They briefly lived together. It did not go well. They played their first show in November 2000, releasing their debut three years later on the vaunted British label Rough Trade. Recorded in three days, it's a piano-intensive compound of punk, rock, ragtime and new wave. Extravagantly theatrical and admirably ambitious, it's loaded with the same sort of stream-of-consciousness lyrical absurdities that characterize "Blueberry Boat." It doesn't make much sense until the fifth or sixth listen, and sometimes not even then. "Some people like puzzles," Matt says with a shrug.

The Furnaces' debut was a true collaboration, with the Friedbergers sharing songwriting credits throughout. On "Blueberry Boat," released 10 months later, Matt writes and arranges virtually every song, plays many of the instruments, and occasionally sings. He has rapidly become the musical force behind the duo, as Eleanor, whose fraught, grainy vocals and formidable presence suggest a younger Patti Smith ("It's not just the hair and being skinny," she agrees), has become the public focal point.

That their current situation perfectly mirrors their childhood roles isn't surprising, says Matt. "There's a big charisma gap between the two of us. People have always liked Eleanor. And then there's a talent gap between the two of us, because I've always played music and she never did. So for me, it's worked out fine."

Inspired by ambitious works such as the Who's "A Quick One" -- a precursor to the band's rock opera "Tommy" -- Matt says he envisioned "Blueberry Boat" as a concept album, though it's hard to say what the concept could be. Packed with eight-minute-plus songs about ships run aground, lost dogs and facing down pirates, "Blueberry Boat" exhaustively name-checks everything from TCBY to Lexus to Northern Irish footballer Danny Blanchflower. "I looked at the [lyrics], and I couldn't understand a word of it," says Mark Friedberger, to whom the album is dedicated. "It's very Joycean. But the best thing about it is, there's some lovely tunes."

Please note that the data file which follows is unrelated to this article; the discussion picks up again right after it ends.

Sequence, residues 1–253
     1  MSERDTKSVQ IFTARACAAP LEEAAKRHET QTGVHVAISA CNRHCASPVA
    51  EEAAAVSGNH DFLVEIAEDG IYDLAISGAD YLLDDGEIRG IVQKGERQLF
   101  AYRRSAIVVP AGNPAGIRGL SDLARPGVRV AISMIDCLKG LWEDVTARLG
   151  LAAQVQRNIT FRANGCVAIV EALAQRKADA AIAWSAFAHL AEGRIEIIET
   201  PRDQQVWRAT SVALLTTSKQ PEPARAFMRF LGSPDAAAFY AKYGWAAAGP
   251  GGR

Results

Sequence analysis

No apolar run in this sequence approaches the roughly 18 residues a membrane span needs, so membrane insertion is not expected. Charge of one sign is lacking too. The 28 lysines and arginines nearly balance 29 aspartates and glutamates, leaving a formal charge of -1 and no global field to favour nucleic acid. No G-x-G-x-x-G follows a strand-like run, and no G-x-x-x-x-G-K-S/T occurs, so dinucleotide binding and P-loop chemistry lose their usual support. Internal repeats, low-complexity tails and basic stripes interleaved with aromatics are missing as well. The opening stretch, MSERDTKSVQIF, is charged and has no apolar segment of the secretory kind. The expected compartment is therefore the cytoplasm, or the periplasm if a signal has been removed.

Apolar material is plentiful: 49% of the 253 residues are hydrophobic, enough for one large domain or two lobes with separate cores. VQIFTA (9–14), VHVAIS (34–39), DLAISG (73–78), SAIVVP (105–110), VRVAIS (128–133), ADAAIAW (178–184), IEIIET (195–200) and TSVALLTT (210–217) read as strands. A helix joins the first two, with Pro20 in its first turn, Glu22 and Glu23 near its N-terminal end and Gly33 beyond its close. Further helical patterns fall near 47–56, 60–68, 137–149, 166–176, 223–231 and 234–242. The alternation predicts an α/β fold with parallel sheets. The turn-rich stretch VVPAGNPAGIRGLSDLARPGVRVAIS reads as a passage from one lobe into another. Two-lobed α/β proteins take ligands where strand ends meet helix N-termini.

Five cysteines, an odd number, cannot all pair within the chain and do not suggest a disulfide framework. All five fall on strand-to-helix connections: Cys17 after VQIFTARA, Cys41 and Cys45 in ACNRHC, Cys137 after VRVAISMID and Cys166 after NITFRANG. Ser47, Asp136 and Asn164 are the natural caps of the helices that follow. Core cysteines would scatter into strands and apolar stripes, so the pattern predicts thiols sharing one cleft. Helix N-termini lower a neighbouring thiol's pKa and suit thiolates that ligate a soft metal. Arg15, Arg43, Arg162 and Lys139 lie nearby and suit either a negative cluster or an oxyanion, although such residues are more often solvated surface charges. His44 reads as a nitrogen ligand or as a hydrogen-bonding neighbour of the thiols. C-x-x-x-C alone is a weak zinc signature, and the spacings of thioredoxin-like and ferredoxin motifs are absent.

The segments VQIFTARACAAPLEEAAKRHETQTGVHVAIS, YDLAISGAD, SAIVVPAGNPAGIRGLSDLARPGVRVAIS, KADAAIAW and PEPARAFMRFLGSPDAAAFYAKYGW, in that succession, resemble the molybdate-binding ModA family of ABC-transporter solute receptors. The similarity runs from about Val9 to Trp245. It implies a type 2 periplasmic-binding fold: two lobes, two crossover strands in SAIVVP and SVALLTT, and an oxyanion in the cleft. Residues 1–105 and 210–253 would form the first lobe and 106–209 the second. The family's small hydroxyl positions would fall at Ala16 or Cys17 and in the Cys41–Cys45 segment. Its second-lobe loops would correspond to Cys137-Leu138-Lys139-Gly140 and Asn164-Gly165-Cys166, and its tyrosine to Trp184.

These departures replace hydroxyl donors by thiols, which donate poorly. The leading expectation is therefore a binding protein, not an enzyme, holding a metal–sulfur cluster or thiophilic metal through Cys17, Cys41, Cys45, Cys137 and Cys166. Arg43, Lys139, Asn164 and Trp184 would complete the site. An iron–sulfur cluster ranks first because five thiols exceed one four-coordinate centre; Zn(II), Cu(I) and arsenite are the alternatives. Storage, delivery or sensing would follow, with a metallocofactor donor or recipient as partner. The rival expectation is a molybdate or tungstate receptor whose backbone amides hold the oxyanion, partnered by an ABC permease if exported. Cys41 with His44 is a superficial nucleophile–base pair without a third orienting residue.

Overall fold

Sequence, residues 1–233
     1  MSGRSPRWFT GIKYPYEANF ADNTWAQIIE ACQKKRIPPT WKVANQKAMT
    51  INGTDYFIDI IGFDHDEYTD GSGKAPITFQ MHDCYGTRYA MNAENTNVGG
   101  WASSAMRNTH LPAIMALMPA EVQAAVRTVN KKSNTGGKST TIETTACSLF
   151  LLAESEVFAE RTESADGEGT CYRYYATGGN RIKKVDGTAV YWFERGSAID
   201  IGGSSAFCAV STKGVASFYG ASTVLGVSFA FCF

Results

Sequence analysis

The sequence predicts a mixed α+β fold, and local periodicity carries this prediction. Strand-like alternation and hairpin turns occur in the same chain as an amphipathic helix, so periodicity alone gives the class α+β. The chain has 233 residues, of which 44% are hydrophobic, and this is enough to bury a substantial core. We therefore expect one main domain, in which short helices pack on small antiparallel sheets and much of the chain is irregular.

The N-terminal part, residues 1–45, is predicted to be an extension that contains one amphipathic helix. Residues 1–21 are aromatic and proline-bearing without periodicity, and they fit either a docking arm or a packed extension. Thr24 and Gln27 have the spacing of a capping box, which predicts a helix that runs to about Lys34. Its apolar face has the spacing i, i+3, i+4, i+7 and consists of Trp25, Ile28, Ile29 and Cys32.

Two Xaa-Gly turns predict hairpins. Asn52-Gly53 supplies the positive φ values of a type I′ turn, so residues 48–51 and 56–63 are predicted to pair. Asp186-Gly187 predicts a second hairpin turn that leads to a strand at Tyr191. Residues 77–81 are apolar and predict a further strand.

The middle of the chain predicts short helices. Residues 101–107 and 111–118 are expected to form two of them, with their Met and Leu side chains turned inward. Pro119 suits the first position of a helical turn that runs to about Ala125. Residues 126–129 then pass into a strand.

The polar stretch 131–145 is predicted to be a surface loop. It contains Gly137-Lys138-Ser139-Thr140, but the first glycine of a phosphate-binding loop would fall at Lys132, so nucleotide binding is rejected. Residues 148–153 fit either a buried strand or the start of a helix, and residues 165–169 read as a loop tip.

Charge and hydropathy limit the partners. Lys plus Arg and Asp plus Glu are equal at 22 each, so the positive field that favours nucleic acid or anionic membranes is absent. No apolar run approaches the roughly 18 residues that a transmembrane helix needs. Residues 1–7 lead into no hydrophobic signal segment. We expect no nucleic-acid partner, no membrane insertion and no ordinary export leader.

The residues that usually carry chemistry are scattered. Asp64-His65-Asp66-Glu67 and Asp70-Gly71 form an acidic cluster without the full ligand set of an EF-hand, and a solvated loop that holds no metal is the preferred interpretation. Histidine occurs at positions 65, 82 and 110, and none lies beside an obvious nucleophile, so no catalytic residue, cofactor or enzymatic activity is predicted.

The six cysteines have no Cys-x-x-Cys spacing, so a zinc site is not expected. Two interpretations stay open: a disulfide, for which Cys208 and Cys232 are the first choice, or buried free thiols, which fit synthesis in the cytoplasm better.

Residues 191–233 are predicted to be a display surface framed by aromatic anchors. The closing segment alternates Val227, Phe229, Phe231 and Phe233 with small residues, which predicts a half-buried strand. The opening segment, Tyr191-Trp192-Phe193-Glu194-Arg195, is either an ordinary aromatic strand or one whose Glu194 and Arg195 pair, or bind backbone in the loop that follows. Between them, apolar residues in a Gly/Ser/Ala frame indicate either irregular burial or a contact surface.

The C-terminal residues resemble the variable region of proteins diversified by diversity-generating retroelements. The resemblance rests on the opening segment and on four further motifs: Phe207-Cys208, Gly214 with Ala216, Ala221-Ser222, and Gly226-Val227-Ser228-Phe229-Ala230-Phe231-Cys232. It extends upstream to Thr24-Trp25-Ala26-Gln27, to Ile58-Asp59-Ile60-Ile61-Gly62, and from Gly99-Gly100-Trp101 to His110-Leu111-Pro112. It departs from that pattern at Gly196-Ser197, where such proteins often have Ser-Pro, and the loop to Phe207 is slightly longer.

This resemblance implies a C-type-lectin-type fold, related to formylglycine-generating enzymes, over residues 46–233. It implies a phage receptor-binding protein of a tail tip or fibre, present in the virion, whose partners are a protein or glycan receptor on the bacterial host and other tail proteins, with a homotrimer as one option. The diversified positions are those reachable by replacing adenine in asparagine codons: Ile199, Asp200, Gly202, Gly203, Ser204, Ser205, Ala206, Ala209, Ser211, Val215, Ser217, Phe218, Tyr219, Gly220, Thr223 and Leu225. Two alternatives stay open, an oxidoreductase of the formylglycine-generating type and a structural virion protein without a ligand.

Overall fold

"Blueberry" has become an unexpected success -- unexpected to the Friedbergers, anyway -- recently reaching No. 1 on the college album charts. Matt worries a lot about the people who might hate it. "I want to make another record as quickly as possible for all the people who hear [us] and are like, 'Oh, I don't really like them.' So then you do something else, [thinking], 'Well, maybe they'll like this other record.' I wish there was a race to make records in rock-and-roll, and maybe you're paired off with another band?"

He's already working on an album in which Eleanor will duet with the Friedbergers' maternal grandmother, Olga Sarantos. An 80-year-old choir director and singer, Sarantos will play the part of an old, embittered woman; Eleanor will represent her younger, more hopeful self. "It's gonna be much better than these last two records," Matt says dismissively.

Eleanor worries about the commercial viability of the Grandma Project; the album's key track will detail a fight Sarantos had with her bishop. But for her, at least, going solo isn't an option. "Matt would laugh," she says. "Before we started playing together, I used to be more independent."

She seems fairly content to let Matt write songs for her, most of which articulate her feelings so completely, she sometimes forgets she didn't write them herself. Matt is toying with the idea of making their next, post-Grandma offering a punchy, Chuck Berry-type record. But maybe not.

"Eleanor also likes birds. I always think of Singapore, with these songbirds. So the record will be 'Singapore Songbirds,' " he says. "I don't really know what that means."

Fiery Furnaces are scheduled to appear Sept. 24 at the Black Cat.